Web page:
E-Quake: A New Approach to Understanding the End Times Mysteries in the Book of Revelation

E-Quake: A New Approach to Understanding the End Times Mysteries in the Book of Revelation

by Jack W. Hayford, Charles F. Stanley
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E-Quake: A New Approach to Understanding the End Times Mysteries in the Book of Revelation 2 out of 5 based on 0 ratings. 1 reviews.
Guest More than 1 year ago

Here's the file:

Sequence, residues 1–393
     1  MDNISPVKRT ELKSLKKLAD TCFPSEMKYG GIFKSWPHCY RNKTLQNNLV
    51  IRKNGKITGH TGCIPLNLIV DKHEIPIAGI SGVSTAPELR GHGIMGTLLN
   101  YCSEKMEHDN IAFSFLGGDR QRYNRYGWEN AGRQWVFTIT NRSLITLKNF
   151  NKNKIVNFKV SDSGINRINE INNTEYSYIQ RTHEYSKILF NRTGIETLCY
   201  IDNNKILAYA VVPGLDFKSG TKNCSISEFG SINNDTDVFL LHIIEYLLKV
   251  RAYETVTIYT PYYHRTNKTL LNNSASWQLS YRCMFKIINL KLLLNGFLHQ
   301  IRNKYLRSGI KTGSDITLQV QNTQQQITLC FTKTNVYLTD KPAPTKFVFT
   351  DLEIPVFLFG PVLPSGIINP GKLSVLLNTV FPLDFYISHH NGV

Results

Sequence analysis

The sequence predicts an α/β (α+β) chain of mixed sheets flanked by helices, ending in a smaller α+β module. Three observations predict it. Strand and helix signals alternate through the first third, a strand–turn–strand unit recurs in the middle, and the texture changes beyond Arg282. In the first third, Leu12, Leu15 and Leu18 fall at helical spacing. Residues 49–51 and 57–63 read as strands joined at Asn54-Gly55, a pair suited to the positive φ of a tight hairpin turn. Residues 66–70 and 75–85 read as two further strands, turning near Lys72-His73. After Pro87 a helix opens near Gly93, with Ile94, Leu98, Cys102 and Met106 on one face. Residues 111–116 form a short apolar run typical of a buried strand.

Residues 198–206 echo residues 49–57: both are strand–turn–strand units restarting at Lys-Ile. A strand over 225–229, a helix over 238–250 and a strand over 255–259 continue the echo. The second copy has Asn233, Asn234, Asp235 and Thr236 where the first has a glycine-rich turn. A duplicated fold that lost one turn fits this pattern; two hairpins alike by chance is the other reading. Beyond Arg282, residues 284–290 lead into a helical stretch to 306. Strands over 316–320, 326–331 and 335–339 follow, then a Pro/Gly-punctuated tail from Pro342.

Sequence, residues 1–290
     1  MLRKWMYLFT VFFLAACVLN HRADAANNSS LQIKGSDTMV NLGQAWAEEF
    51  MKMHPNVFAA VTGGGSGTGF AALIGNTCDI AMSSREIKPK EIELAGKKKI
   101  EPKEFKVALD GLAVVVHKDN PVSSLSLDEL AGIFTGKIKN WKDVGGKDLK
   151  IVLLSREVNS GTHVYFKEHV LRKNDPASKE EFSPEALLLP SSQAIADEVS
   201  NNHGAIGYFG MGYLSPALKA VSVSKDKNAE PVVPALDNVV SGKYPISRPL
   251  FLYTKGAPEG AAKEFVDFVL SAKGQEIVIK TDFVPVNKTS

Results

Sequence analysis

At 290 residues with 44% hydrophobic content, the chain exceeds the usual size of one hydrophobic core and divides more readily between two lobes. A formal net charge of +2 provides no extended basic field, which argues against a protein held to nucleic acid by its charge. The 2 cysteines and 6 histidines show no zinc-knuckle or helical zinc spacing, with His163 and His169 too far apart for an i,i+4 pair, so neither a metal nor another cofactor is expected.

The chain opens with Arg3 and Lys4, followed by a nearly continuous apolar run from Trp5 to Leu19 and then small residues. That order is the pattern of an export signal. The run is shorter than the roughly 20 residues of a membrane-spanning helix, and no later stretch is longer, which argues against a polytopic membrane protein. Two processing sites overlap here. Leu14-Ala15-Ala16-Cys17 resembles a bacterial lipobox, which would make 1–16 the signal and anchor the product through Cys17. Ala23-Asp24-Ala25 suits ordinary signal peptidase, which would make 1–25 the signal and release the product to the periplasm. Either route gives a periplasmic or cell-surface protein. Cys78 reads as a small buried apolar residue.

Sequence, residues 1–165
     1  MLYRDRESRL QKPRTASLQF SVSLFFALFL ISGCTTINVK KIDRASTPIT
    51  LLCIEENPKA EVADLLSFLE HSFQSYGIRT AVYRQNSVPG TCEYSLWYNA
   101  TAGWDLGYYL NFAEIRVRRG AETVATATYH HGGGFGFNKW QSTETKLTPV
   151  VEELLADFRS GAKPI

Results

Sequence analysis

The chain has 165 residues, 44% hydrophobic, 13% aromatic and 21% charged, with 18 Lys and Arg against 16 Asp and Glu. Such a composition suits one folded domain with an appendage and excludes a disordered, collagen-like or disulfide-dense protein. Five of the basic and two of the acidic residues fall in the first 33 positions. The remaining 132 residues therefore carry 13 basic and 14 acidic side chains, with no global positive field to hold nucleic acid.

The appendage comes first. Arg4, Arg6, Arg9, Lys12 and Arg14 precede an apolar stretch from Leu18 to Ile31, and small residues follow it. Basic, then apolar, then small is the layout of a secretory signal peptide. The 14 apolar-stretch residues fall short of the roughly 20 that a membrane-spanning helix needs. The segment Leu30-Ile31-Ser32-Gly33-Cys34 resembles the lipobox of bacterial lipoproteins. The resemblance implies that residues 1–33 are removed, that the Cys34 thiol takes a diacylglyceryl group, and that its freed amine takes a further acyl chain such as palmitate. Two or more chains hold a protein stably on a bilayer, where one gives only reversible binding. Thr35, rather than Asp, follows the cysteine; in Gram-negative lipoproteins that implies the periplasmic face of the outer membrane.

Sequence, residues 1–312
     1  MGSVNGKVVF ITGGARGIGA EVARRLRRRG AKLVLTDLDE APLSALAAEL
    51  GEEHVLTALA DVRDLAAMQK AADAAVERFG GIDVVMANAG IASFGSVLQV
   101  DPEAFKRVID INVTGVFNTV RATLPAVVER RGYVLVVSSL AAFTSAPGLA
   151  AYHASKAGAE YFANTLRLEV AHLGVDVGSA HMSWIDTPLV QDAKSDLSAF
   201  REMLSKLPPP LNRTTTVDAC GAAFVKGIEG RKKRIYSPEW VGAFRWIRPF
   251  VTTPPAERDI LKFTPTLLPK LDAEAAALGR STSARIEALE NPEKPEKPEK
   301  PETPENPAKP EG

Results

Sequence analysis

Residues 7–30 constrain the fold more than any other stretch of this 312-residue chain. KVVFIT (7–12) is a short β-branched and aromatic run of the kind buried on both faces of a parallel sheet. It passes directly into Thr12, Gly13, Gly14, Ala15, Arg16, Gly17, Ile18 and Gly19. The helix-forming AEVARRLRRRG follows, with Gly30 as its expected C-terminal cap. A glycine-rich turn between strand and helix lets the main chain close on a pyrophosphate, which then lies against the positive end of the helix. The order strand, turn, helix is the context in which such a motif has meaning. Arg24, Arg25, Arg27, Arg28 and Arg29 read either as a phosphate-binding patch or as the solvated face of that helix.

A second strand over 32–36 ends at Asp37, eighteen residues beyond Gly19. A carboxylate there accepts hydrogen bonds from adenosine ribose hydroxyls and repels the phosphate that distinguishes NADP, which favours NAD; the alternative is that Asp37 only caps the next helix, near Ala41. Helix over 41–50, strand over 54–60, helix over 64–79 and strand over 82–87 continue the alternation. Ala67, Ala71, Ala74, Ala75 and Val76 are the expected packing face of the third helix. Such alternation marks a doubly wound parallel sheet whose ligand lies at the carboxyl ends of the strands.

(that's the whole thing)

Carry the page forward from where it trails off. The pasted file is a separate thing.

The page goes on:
My rebuttals are extremely pointed, but are given with the deepest respect for the person and ministry of Pastor Jack Hayford. Problem one: Chapter two of E Quake focuses on worship as being the key to unlocking the vision. Pastor Jack mentions the struggling churches of Revelation 2 and 3, and rightly states that worship brings our focus onto Jesus, not methods, as the answer to any weakness present among His people. However, I disagree with the position he takes that the worshipful giving away of resources in a financially struggling congregation guarantees the overflow of God's provisional blessing. The story he tells to verify this doctrine takes place, as all such stories regarding the prosperity doctrine do, in an American church. He argues that his point is correct because it worked. Of course it 'worked!' But it doesn't 'work' in the other 95% of the world. The Lord's people in struggling third-world churches are no less loved by God than prosperous American churches, and they constantly give what little they have to support the Lord's work among them. We do these brothers and sisters wrong to mistake our privilege for entitlement! The Bible nowhere teaches that being godly insulates a person from suffering. In fact, the Bible does much to dispel that theological error. The book of Job soundly refutes such nonsense, as does Jesus Himself, Paul, James, and yes, even the book of Revelation. It isn't for nothing that God comforts His people in Revelation 7:16 by saying that in His Presence, they will never again suffer from hunger pangs, dehydration, or lack if shelter! Poverty is not a lack of faith. One of the most touching messages I ever heard came from a Ugandan minister who told our congregation how his people walk for several hours to come to church, wearing the one piece of clothing they own. They cry out to God in intercession for America, with tears streaming down their faces, because 'American Christians are a people of little obedience.' The Ugandan Christians intercede hungry much of the time, not because they are fasting, but because they don't have enough food to eat. These Christians know want. This minister has to answer very hard questions among his people, questions like, 'If Jesus loves me so much, why does my baby have no food?' Problem two: Pastor Jack gives several illustrations from his own ministry in chapter four of E Quake. It is to one of these examples that I desire to respond. I have been exposed to this particular illustration twice: at a function Jack Hayford spoke at, and in written form in E Quake. Both times it has disturbed me greatly. In no way do I question his sincerity or motives. I don't doubt that he is completely unaware that he speaks from an experience of privilege. Yet pain is caused by the supposition he promotes, and although it is unintentional and innocent, it hurts, nevertheless. His example is that a mechanic is a mechanic because God created him to be one. He does it because he loves it and wouldn't want to do anything else. He wasn't made to work in an office on Wall Street. Being a mechanic is his 'place' in the world. Ouch. People of means, that is, those who have the luxury of choosing for themselves what kind of job will let them feel fulfilled, no doubt applaud this saying. They could be engineers, bankers, or politicians at their whim or, if it so suits their desire, mechanics. It doesn't matter. They can pursue whatever they wish. They are privileged life has many options, none of which involves suffering. However, there is a different reality for those who were not born white, male, and privileged. In most cases, a mechanic or a waitress, day laborer, car wash attendant, etc., does the job they do not because they find fulfillment in it, not because they wouldn't want to work in a cushy office, and not because they love to sweat, but because they never had an opportunity to do any better. Unlike the privileged class, their parents